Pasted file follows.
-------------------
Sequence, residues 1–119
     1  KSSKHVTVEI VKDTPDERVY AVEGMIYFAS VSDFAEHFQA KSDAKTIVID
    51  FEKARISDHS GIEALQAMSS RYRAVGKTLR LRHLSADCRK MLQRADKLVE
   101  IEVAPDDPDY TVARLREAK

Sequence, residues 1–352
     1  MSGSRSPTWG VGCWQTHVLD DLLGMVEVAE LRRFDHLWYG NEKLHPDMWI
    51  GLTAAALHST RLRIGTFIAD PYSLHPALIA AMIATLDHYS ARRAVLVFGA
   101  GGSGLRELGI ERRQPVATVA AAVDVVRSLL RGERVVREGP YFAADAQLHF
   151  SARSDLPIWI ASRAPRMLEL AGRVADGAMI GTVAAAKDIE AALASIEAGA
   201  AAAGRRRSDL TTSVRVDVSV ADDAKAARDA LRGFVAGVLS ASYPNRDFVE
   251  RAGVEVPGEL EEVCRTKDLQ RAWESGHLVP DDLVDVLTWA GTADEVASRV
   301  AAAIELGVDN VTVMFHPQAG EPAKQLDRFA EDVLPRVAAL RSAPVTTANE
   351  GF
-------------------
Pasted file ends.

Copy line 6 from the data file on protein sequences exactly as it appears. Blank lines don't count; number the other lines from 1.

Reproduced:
     1  MSGSRSPTWG VGCWQTHVLD DLLGMVEVAE LRRFDHLWYG NEKLHPDMWI